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Absentee voting is already under way for candidates running for the city councils in Lansing and East Lansing. In Lansing, four are running for two at-large seats, which will go to the top two vote-getters. Two ward seats are also up. In East Lansing, six candidates are seeking three Council seats, which will go to the top three vote-getters. The election will be decided on Nov. 5, when polls are open from 7 a.m. to 8 p.m.
The top two finishers will be elected.
Carol Wood — Lansing’s sitting Council president was first elected in 1999 and is running for her sixth and final term in office. At 69, she is a clear favorite, having won every precinct in the primary and 35 percent of the total vote. Wood was a strong counterweight to former Mayor Virg Bernero and continues to lead a Council bloc that forces Mayor Andy Schor to compromise on issues like marijuana regulation. Wood says she serves to give neighborhoods a voice.
Patricia Spitzley — As a first-term incumbent, Spitzley is also a favorite for re-election, but a narrower one after taking in 24 percent in August. Spitzley, 54, is an attorney for the Racer Trust, which was created out of the General Motors bankruptcy to clean up and redevelop the automotive company’s toxic assets, such as the former Fisher Body plant on the west side of the city. She has been an independent-minded swing vote.
Yanice Jackson-Long — This is Jackson-Long’s second try for the Council after not making it past the primary in 2017. The 41-year-old grew up in Lansing but worked for AT&T in Atlanta for much of her adult life. She returned several years ago to help with her family newspaper, the Chronicle-News, before taking a job with the Ingham County Treasurer. Jackson-Long is concerned about the city’s decrepit roads and limited options for youth.
Julee Rodocker — A lifelong resident, Rodocker, 49, is an electric materials purchasing agent for Consumers Energy. She ran unsuccessfully once for the Lansing School Board in 2014 and for the 2nd Ward Council seat in 2017. She serves on the Lansing Board of Police Commissioners. Rodocker wants a citywide finance audit and reforms to the pension and healthcare system for retirees.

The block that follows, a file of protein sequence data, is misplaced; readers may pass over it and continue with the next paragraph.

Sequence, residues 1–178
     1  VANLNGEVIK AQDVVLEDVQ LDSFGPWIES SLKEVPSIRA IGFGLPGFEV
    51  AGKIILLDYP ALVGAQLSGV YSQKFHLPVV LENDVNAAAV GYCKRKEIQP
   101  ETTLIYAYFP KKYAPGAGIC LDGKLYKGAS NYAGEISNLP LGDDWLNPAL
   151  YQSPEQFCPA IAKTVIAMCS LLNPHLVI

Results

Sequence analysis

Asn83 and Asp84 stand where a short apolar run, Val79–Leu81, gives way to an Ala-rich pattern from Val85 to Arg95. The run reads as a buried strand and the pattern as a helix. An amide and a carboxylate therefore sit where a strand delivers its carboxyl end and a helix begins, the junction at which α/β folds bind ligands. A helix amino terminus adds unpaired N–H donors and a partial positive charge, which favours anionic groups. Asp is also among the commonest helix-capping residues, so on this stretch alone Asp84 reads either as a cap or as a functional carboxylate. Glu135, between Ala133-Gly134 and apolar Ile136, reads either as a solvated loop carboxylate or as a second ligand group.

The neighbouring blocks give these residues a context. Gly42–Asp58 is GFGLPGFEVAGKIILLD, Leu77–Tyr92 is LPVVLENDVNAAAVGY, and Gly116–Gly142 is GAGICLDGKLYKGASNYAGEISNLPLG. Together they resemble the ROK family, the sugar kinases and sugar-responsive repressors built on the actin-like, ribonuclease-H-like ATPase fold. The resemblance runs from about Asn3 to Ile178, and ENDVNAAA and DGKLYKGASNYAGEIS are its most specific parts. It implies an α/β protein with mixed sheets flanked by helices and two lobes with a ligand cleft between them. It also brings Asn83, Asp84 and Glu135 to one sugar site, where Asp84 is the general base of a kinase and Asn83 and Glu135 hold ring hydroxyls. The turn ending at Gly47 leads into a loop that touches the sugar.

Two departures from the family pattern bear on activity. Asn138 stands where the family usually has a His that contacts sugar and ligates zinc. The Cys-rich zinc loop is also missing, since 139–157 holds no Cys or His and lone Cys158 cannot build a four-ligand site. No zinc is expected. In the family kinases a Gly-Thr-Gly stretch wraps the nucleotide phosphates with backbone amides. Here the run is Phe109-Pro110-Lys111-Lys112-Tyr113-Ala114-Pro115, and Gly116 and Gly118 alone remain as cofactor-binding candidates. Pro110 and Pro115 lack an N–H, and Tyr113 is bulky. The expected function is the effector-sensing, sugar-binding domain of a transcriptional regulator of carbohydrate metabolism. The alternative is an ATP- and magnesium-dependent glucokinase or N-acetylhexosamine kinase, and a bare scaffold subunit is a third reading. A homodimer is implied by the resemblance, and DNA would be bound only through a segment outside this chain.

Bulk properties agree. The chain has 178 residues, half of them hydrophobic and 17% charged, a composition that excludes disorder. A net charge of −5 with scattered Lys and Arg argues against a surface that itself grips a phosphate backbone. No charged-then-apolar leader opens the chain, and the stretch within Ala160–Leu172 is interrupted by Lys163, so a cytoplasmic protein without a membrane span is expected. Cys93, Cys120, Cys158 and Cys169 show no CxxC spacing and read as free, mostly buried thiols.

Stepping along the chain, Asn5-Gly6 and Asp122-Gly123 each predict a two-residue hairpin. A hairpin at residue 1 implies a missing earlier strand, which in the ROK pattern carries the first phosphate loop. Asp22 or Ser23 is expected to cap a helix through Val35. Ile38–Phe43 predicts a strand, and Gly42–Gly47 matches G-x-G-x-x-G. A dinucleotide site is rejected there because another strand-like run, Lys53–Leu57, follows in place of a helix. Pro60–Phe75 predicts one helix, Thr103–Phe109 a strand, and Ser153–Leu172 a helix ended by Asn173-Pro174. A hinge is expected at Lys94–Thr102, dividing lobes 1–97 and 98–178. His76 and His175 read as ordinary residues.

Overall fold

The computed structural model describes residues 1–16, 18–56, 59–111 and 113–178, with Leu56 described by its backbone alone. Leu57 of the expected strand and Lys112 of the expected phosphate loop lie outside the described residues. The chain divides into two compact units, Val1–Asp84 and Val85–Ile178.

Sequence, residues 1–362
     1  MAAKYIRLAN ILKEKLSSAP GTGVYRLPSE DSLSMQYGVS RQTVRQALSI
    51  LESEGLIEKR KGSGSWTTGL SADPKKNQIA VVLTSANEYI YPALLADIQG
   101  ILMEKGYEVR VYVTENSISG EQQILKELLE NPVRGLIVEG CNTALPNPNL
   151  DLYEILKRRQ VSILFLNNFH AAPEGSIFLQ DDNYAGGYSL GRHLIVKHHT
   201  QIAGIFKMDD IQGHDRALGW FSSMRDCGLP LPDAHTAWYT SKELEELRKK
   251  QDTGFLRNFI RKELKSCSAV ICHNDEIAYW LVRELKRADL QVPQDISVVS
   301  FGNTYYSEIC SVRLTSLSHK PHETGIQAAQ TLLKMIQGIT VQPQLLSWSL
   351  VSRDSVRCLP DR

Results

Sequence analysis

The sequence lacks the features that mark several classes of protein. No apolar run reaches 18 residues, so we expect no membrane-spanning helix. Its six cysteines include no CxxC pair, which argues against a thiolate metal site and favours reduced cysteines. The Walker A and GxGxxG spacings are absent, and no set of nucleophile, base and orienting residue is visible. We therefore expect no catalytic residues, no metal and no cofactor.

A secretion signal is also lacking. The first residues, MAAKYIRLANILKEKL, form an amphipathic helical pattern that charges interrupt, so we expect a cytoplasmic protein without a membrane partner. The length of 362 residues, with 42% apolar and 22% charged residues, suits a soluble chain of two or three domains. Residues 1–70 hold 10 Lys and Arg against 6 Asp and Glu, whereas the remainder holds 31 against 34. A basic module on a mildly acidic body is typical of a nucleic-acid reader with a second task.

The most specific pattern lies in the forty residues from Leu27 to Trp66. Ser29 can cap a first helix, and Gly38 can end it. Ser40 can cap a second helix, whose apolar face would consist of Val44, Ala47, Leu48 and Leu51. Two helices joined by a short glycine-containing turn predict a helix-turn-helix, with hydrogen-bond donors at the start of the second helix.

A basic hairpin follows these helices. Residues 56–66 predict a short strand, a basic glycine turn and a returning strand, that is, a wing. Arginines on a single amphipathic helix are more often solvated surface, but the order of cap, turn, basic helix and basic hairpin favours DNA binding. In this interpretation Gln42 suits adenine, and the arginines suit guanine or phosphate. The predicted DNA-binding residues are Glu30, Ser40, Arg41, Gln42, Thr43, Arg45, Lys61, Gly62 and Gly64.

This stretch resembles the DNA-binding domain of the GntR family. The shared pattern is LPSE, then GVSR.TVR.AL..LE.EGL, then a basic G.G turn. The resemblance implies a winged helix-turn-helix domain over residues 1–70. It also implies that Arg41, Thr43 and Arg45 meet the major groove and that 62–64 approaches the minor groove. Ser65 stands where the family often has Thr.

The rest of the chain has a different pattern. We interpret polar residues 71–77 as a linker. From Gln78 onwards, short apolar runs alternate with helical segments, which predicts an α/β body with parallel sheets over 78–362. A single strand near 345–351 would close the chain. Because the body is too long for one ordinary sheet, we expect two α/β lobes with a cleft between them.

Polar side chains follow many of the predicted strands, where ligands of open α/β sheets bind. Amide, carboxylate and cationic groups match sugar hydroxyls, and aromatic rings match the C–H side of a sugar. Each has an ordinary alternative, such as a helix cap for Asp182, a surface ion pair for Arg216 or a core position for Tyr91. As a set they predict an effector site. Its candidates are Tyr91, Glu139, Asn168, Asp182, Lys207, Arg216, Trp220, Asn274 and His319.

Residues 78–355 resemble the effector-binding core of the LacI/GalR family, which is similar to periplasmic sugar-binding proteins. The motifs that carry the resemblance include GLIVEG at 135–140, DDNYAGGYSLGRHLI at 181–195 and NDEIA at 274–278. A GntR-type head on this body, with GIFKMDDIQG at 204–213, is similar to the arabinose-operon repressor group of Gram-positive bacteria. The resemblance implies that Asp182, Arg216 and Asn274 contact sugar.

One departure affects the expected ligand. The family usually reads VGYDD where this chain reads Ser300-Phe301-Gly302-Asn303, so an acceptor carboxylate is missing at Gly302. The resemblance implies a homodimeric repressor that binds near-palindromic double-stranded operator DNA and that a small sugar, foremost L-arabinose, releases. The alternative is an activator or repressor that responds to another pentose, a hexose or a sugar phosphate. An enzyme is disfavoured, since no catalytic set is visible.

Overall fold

Jody Washington — Washington, 62, seeks her third term. She works as a grievance and litigation specialist for the Michigan Department of Corrections and earlier worked as a nursing assistant. A lifelong Lansingite, she has long been a close ally of Wood.
Brandon Betz — Washington’s upstart challenger is an economist with the Michigan Center for Public Policy. Betz, 28, earlier worked for the Anderson Economic Research Group. He was born in Alaska and came to Lansing in 2017 to work for the state of Michigan, analyzing unemployment reports. Betz is running as a progressive millennial.
Adam Hussain — Hussain, 37, is unopposed for a second term serving the southwest side of Lansing. A Waverly Community Schools civics teacher, he is the son of two-term Lansing Council Member Jody Washington, and aligns with her on most issues, particularly marijuana regulation, labor issues and neighborhood-focused development.
The top three finishers will be elected.
Mark Meadows — Meadows, 72, has served twice as East Lansing’s mayor, first from 1997 to 2005, and again starting in 2015. In between, he served as a state legislator. Meadows is a lawyer who worked three decades in the state Attorney General’s Office. If re-elected to the Council, the other four Council members will decide whether he should continue to serve as mayor, which is appointed from the Council, not directly elected.
Erik Altmann — The other incumbent, Altmann, 55, is an MSU psychology professor who first won election in 2015. Altmann commutes by bicycle between home and campus and wants to improve the city’s bike network with protected lanes as well as increase the number of electric charging stations. He has also supported the new city income tax and recent downtown developments.
Lisa Babcock — An outsider candidate, Babcock, 53, is an attorney and former Democratic legislative staffer who started her career as a journalist in northern Michigan. She’s running to increase transparency and accountability in city government and has called into question development deals and land sales.
Jessy Gregg — Gregg, 42, operates a boutique fabric store, Seams, in downtown East Lansing and has a fine arts degree, with fabric as her medium. She wrote for East Lansing Info before trying her hand in city politics and serves on the Ingham County Parks & Recreation Board. After the loss of the city’s folk festival, she’s running to ensure the arts community has a voice in city government.
John Revitte — Revitte, 69, is a professor emeritus of human resources and labor relations at MSU who has lived in East Lansing since 1991. He has served on the East Lansing Parks and Recreation Committee and worked to revive the farmers market. He started his run for office as the city tried to tackle its deer overpopulation and believes his background could help the city look to other places to solve its bigger problems.
Warren Stanfield III — Stanfield, a 20-year-old student at MSU and former wrestling star, is running to increase the student voice at city government and bridge the town and gown divide. Stanfield grew up in Detroit and graduated from Walled Lake Central High School before matriculating at MSU in 2017, where he studies political science and pre-law. He interned in the Legislature with Rep. Cynthia A. Johnson, D-Detroit.
Also, voters will decide if East Lansing should sell 27 acres of scrub land along the U.S. 127 freeway on the west side of the city. The land, to the southwest of the intersection of West Road and Coleman Road, was purchased through foreclosure proceedings.